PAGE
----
Easiest way to sound an alarm when no voltage present

Discussion in 'The Projects Forum' started by danwheeler, Jan 12, 2010.

  1. danwheeler

    Thread Starter New Member

    Jan 12, 2010
    7
    0
    Hello, i'm new here. I'm a member of a different car-related forum where we were discussing ways to create an alarm when an inertia switch is triggered causing a circuit to open which kills the fuel pump in the event of an accident.

    I know I can use a SPDT relay and the normally closed terminal to power an alarm whenever voltage is not present on the coil terminals of the relay but I was wondering if there was an easier way to do this?

    I took a look at some battery monitoring circuits but they all seem to rely on the power source they are monitoring to activate an alarm which won't work in this case because the circuit being monitored will have no power when the circuit is opened.

    thanks in advance for any ideas

    dan
     
  2. R!f@@

    AAC Fanatic!

    Apr 2, 2009
    8,750
    760
    U can do it using motion or shock sensors

    Rifaa
     
  3. danwheeler

    Thread Starter New Member

    Jan 12, 2010
    7
    0

    I already have the inertia sensor - it's a standard Ford part for fuel injection systems. I'm trying to create an alarm when the inertia switch is triggered which causes the circuit to be opened.
     
  4. R!f@@

    AAC Fanatic!

    Apr 2, 2009
    8,750
    760
    If so, can u identify inertia sensor connections?
    Post with pics and details

    Rifaa
     
  5. danwheeler

    Thread Starter New Member

    Jan 12, 2010
    7
    0
    There are just 2 connections. it's essentially a SPST switch. The circuit is opened when a significant impact occurs.

    +12v is sent through the switch.
     
  6. eng1ne

    Member

    Dec 4, 2009
    97
    3
    Where are you anticipating the power for the alarm will come from?

    The way I interpret your requirements, you want a alarm to sound with no power. No power, no alarm I'm afraid.

    Although, surely this is not the case in a car, with a 12 V battery?

    You could use a simple transistor arrangement, with a separate battery for safety reasons.

    Wihout knowing more detail, I can give you little more detail.
     
    Last edited: Jan 13, 2010
  7. danwheeler

    Thread Starter New Member

    Jan 12, 2010
    7
    0
    sorry i didn't mean to imply that there was no power at all... just not on the circuit I am trying to monitor. 12v is of course available from the car battery. I'm just trying to find an easier way to activate a buzzer or led when an unrelated circuit has last power.

    let me put it this way - let's say I have a SPST switch that has one terminal connected to the battery and the other terminal connected to a fan or other device.

    What i'm looking for is a way to activate a buzzer or led when no power is being sent to the fan or device.

    i know i can do this with a SPDT relay and the normally closed terminal but I was hoping for an easier way that doesn't rely on a relay being continuously energized (concerned about burnout because relays aren't typically designed for continuous duty)
     
  8. beenthere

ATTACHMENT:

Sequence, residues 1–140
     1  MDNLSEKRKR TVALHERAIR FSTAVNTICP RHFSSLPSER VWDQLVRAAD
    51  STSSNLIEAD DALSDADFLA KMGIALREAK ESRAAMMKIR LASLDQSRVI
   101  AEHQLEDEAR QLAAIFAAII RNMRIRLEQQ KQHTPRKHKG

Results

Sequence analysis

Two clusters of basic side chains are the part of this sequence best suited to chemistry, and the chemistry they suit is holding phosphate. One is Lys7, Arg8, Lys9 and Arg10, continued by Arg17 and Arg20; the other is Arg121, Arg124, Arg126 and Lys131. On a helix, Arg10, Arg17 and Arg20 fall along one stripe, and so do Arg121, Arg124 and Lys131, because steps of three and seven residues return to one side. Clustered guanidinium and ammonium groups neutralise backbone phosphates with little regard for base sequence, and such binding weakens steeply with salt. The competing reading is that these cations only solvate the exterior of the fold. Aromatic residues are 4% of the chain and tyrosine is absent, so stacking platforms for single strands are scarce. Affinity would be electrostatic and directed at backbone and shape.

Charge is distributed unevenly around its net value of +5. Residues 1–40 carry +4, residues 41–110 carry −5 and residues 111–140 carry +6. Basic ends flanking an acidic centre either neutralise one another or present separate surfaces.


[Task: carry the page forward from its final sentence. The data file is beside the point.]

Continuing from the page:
Retired Moderator

    Apr 20, 2004
    15,815
    282
    If that is your impetus, it's not a problem. High power devices like solenoids are limited duty, but is is a rare relay that can't handle continuous power to the coil.

    A Omron G6H-2-DC12 sugar cube relay will handle 1 amp through the contacts, but only need 11.7 ma to hold the coil. Mouser has them as 653-G6H-2-DC12 for $3.41.
     
  9. danwheeler

    Thread Starter New Member

    Jan 12, 2010
    7
    0
    i guess that was most of my concern, and I was hoping for something a little more simple and with less moving parts but if nobody can come up with anything easier then I guess a relay is the way to go.
     
  10. R!f@@

    AAC Fanatic!

    Apr 2, 2009
    8,750
    760
    let me get this straight,
    Ur inertia sensor is a simple switch, which when activated closes the contacts, and u want to sound an alarm when it does.
    If this is the case then u have to find a 12V buzzer with a current rating that does not go beyond the inertia switch ratings.
    then u can wire a simple series circuit with the switch and buzzer to the battery with an appropriate fuse.

    Rifaa
     
  11. danwheeler

    Thread Starter New Member

    Jan 12, 2010
    7
    0
    no its the opposite. the inertia switch is normally closed and I want an alarm that sounds when it opens.
     
  12. R!f@@

    AAC Fanatic!

    Apr 2, 2009
    8,750
    760
    Ok.. simple enuf.
    What type of alarms and components do you have. I'm asking this cause this is really simple if you have some components to start with.
    This way you don't have to buy anything

    Rifaa
     
  13. danwheeler

    Thread Starter New Member

    Jan 12, 2010
    7
    0
    all i really have is a 12v piezo alarm. I dont mind buying things. This scenario pops up quite a bit so I'm just looking for a solution I can use when I need to sound an alarm when a device has lost power.

    thanks
     
  14. R!f@@

    AAC Fanatic!

    Apr 2, 2009
    8,750
    760
    OK! let's see.
    Answer me these and I will give u a schematic.
    1. Do you have access to the car battery?
    2. Are you confident enuf to meddle with a car battery, knowing the dangers of high current and possible fire accidents, that might arise due to careless wire routing through the car chassis.
    3. I presume you have a 12V piezo for the alarm.
    4. You want the alarm to sound when the switch opens.
    5. Give me the buzzer specs.
    6. should the alarm switch off when the car is switched off or u need to manually shut it off.

    This much will do for now.

    Rifaa
     
Loading...